Children: 1 mini-Hulk, 2 average elementary kids, or 4 standard toddlers

Complements of Margaret Hansen

Tempeh Zucchini Soup

Tempeh Zucchini Soup

Ingredients

1 tbsp olive oil or butter 

4 garlic cloves minced

2 large onion , chopped 

2 lb zucchinis diced 

4 cups water

6 cubes chicken bouillon 

1 cup heavy  cream

1 cup milk 

8oz Tempeh ( cooked and seasoned to your taste)

2 teaspoons Cayenne pepper

Instructions

Heat oil in a large pot over medium high heat. Add garlic and onions, and cook for 3 – 4 minutes until they are light golden brown.

Add zucchinis, water bouillon cubes . Bring to a boil, then cover and reduce heat to medium. 

Cook for 15 – 20 minutes or until zucchini is very soft. 

Puree soup in blender and return back to pot

Add heavy cream and milk and simmer for 15 mins

Add Tempeh and cayenne pepper 

Ladle into bowls, swirl over a touch of cream if desired, a pinch of shredded parmesan, and more pepper to taste. Serve hot or at room temperature.

Complements of Daniel Roskamp.

Chicken Curry Stew

Chicken Curry Stew

Chicken Curry Stew

3/4-1 lb Chicken breast
1 cup chicken broth or stock
1 large onion chopped
1 jalapeño chopped (or bell pepper)
8oz fresh mushrooms diced
2 T of basil pesto
1 13 oz can of coconut milk
~1 t ground ginger
~1 heaping T curry powder
~1 T veg oil (I used avocado oil)
salt&pepper

Sauté veggies in oil, pesto, pinch of curry powder, and some of the broth.
Cook chicken breast (or use rotisserie), chop, and combine with sautéd veggies, seasoning, and rest of the broth.
Simmer ~10-15 mins, while stirring in coconut milk.
Add salt, pepper, and/or more curry to taste.
Enjoy!

Complements of Dani Banks.

Chili-Spiced Steak Salad

Steak Salad

3oz. Raw lean sirloin cut into thin strips.

1/4 tsp. Chili Powder

Sea salt and ground black pepper to tast

Nonstick cooking spray

2 Cups shredded red cabbage

1/8 medium avocado, sliced

2 Tbsp. Balsamic vinaigrette

Season the sirloin with chili powder, salt and pepper. Set aside.

Heat a medium skillet lightly coated with cooking spray over medium high heat.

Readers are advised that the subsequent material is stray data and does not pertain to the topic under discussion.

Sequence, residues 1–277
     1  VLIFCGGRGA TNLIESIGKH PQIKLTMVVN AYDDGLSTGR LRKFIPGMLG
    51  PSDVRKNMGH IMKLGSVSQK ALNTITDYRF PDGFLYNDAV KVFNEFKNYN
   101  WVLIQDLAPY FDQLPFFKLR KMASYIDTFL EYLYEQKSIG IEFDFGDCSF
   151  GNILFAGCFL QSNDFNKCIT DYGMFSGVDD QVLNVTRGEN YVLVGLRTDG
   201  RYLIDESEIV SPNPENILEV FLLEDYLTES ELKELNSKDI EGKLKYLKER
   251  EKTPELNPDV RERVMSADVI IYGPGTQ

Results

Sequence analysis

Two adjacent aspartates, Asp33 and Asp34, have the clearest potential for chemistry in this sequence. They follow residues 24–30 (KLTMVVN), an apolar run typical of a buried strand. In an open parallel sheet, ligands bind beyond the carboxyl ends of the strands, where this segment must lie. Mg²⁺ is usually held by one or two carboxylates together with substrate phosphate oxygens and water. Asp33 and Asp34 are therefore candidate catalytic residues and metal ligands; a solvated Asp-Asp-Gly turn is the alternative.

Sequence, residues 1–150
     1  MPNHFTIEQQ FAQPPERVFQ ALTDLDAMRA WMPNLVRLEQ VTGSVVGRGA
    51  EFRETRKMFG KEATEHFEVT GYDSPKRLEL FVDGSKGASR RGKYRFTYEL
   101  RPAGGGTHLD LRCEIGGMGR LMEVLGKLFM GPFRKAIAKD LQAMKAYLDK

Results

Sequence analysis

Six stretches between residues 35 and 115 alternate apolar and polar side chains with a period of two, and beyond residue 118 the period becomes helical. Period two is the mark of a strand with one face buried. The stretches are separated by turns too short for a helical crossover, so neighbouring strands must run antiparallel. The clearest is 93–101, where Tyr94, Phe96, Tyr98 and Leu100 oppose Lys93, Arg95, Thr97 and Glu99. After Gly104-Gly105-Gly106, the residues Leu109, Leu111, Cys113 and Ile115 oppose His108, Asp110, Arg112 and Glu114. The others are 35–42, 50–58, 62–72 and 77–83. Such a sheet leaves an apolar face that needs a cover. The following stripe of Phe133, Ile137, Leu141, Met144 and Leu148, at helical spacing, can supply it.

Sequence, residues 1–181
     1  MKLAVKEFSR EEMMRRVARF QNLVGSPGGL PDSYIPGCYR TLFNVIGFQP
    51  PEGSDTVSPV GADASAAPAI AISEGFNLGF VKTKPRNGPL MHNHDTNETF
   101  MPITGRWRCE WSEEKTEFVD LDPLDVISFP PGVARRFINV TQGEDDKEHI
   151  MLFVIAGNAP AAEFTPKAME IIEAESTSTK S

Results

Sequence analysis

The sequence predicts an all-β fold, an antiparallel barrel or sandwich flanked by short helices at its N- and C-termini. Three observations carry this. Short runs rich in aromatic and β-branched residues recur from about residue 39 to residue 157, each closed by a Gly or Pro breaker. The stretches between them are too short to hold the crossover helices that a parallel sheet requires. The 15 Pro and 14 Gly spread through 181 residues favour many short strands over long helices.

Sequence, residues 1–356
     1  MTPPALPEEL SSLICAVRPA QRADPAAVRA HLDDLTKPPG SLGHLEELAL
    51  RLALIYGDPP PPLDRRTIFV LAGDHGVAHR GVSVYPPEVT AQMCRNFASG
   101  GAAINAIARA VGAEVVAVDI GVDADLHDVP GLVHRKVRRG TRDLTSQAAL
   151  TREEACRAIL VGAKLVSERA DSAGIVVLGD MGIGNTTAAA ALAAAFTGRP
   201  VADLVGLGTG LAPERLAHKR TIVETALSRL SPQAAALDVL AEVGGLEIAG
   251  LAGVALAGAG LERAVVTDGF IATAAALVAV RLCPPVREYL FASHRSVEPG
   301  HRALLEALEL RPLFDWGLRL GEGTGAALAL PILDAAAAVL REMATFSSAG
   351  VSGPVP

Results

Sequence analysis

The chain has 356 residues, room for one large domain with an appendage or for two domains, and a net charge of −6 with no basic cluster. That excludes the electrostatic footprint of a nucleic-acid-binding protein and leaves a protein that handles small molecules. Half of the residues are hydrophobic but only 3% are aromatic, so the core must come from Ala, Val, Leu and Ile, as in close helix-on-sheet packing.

Add the sirloin and cook stirring constantly for 1 to 2 minutes or until cooked through.

Place the shredded cabbage and a serving plate top with the sirloin and avocado. Then drizzle with Balsamic vinaigrette.

Compliments of Ray Shonk.

Peanut Butter Squash Soup

Peanut Butter Squash Soup

Ingredients

1 1/2 teaspoons peanut oil

4 cups (1/2-inch) cubed peeled butternut squash

1 cup chopped onion

8 cloves finely diced Garlic

1/2 teaspoon salt

1/2 teaspoon ground cumin

1/4 teaspoon ground coriander

4 cups fat-free, less-sodium chicken broth

3/4 cup reduced-fat creamy peanut butter

1 small can tomato  paste

1/2 teaspoon crushed red pepper

1/4 cup chopped fresh cilantro

Heat oil in a large saucepan over medium-high heat. Add squash, onion,garlic, cummin, salt, coriander, sauté til onions soften, cover 15 minutes or until squash begins to soften. Add broth, peanut butter, tomato paste, and pepper, stirring well to combine; bring to a boil. Reduce heat; simmer, uncovered, 10 minutes or until the squash is tender. Sprinkle with cilantro.

Complements of Daniel Roskamp

Ground Turkey and Vegetable Soup

Ground Turkey and Vegetable Soup

Ingredients:

2 T butter

1 C fresh mushrooms

1 medium onion, minced

1-pound ground turkey

1T minced garlic

1t Italian Seasoning blend

1 C chopped carrots

2 stalks celery chopped

1 green pepper chopped

3 beef bouillon cubes

8 oz tomato sauce

3 C water

Instructions:

1. Melt butter in a large soup pot on medium heat.

2. Add the onion, mushrooms, and ground turkey. Cook, stirring often until the turkey is no longer pink and the mushrooms have released all their moisture.

3. Add the minced garlic and Italian Seasoning blend and cook a few minutes more.

4. Add the carrots, celery, and green pepper and stir well. Place the lid on the pot and let steam for 2-3 minutes.

5. Add the bouillon cubes, tomato sauce, and water and stir vigorously. Bring to a boil, then cover and reduce to a simmer.

6. Simmer for about 30 minutes, or until the smell overpowers you and you must EAT IT NOW!

7. Serve with crusty bread or buttery biscuits and a light-bodied red wine.

Courtesy of Margaret Hansen

Baked Oatmeal

Baked Oatmeal

¼ C canola oil

½ C applesauce

½ C brown sugar

2 eggs

1 C milk

1/2t salt

1t cinnamon

1T baking powder

3C oats

Optional: top with a light dusting of brown sugar and a handful of slivered almonds

To Prepare:

Lightly grease a 9”x9” baking pan.

Mix all ingredients together in a large bowl, adding the oats last.

Pour mixture into prepared pan, cover and refrigerate for at least 3 hours (overnight works well)

To Bake:

Uncover and place cold dish in cold oven.

Preheat oven to 350.

After the oven is preheated, bake for about 35 minutes.

Let rest for 5 minutes before cutting and enjoy warm. Serves 6.

Courtesy of Margaret Hansen